OGNI MARE HA UN’ALTRA RIVA

Viaggio in italia con una reflex

2016-2018

(Every sea has another shore, a journey in Italy with a camera)

 

photo book, 320 pages, 240 black and white photos, texts and photos by Michele Gurrieri

with a preface by Alessandro Dal Lago

bilingual Italian/French, Edizioni Clichy, Florence, 2019

Ogni mare ha un’altra riva is a photographic journey to a country that I left long ago. Starting from an idealized Italy, an Italy of a memory both personal and collective, the book takes us to known places and others that I had never visited before but often imagined.

I have lived in France most of my adult life. Today I look at my country of origin in a way that would like to embrace everything but proceeds instead by fragments and visions, snapshots of a reality both familiar and foreign. For two years, on a regular basis, I undertook a backward journey to my country. I visited very different places, met people and made discoveries that were often surprising, sometimes frightening.

 

What world lies beyond that stormy sea I do not know,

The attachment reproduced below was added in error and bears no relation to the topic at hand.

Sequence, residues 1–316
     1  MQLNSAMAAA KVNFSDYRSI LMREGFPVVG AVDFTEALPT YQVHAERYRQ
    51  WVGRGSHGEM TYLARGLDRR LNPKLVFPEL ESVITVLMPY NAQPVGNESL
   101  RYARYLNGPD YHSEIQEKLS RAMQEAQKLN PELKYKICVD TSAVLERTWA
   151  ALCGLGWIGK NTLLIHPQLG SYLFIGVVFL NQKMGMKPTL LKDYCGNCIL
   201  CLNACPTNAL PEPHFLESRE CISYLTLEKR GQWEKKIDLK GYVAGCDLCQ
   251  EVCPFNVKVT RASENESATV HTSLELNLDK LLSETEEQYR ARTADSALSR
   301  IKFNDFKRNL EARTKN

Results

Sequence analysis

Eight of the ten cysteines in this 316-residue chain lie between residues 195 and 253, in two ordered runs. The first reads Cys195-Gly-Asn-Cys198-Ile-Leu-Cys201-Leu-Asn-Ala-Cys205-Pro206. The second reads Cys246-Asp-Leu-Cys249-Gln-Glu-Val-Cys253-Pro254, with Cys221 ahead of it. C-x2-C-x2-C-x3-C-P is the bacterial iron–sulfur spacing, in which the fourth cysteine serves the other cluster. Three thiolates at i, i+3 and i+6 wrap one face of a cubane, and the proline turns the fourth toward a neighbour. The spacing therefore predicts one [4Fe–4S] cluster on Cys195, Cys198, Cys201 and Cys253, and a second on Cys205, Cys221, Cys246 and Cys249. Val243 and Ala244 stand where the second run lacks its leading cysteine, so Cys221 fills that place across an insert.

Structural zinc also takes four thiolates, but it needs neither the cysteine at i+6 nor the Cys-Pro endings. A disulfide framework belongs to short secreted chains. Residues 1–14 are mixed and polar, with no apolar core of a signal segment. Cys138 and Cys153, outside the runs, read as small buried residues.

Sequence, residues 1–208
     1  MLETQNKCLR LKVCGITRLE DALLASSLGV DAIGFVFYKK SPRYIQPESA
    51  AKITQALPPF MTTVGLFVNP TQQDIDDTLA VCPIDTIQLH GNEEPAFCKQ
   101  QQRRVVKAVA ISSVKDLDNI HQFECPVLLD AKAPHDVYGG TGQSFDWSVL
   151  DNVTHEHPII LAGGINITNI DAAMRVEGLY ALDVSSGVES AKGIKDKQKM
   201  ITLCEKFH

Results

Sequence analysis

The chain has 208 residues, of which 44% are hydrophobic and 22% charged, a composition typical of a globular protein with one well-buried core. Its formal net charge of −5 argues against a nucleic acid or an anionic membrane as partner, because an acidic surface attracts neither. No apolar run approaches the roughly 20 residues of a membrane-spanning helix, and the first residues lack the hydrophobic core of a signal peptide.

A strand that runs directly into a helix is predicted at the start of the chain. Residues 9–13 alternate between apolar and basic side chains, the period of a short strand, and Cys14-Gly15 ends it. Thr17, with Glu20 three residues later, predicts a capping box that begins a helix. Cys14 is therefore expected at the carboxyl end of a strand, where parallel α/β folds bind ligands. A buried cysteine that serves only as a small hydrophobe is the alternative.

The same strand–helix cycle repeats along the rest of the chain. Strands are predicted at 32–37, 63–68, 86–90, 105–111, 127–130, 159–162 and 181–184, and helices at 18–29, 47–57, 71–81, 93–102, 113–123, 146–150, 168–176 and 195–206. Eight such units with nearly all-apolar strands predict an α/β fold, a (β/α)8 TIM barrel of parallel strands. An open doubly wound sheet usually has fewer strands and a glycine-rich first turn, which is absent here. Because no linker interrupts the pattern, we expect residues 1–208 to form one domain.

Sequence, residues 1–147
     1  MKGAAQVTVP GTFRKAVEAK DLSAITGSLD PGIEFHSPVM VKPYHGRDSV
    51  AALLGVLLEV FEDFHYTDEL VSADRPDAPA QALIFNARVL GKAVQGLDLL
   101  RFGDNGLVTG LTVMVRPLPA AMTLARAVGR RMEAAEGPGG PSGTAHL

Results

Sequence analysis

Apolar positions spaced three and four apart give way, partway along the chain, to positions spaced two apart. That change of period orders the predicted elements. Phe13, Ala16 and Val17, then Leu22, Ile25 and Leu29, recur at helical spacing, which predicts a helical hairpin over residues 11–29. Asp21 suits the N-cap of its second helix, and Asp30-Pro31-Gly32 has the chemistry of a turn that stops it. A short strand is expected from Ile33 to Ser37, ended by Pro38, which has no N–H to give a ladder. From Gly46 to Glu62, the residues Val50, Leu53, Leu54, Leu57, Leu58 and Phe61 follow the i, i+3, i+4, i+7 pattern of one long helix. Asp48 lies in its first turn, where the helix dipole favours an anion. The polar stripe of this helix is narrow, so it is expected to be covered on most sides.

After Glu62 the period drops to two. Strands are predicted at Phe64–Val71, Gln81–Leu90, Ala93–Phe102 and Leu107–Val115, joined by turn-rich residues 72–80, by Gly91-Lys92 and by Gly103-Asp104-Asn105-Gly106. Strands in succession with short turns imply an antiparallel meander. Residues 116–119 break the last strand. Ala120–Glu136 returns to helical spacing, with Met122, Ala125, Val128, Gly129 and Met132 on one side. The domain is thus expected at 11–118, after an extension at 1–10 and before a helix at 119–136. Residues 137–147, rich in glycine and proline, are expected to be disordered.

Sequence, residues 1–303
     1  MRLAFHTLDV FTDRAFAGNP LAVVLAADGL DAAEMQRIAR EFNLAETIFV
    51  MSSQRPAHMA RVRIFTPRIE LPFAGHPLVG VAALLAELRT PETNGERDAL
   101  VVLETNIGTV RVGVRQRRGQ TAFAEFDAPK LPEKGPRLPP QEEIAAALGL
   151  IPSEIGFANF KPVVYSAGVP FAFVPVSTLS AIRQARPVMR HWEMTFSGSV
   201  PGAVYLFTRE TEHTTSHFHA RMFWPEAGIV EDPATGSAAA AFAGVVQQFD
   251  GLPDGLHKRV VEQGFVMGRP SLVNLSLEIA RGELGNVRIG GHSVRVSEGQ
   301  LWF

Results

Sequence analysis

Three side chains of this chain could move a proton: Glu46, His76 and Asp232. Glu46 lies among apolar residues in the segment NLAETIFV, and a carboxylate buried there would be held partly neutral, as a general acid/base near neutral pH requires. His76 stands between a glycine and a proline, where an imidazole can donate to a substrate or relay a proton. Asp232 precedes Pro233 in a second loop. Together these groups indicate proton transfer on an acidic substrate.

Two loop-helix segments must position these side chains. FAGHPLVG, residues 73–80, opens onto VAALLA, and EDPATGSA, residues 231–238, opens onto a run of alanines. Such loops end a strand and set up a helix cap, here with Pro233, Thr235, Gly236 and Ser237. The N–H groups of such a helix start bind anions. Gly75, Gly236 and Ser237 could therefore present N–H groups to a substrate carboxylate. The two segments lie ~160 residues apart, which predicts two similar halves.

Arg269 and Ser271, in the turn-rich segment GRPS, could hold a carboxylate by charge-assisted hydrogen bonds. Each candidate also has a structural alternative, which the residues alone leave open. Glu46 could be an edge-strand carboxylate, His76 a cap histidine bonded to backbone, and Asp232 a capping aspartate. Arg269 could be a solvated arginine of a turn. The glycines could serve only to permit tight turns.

but every ocean has another shore, and I shall reach it.


Cesare Pavese, The business of living, 1952.

It is a journey through the landscape as well as through society: the world of workers, school, prison, church, historical and cultural heritage; and it stresses the tension between cultural and social change and traditions: carnival, popular music, religious events, activism. Always carrying behind my thoughts the unresolved question of Italy’s dark past, the past of a country that invented fascism and at the same time managed to redeem itself thanks to the Resistance; a nation that has never really faced its past and now finds itself ruled by the extreme right. I came out of this trip from Milan to Lampedusa feeling that I now knew Italy as I had never known it before.

I only knew a little bit about it, just a piece of it. What I discovered was not what I imagined: it was richer, deeper, more moving, more frightening.

I have given myself few rules, but strict ones: a neat black and white, the search for a fair and mindful distance between me and the people I photographed; a detached, not frontal, approach to current events; a discreet but careful and clear-headed look on the surrounding reality, a humble search for poetry and humanity.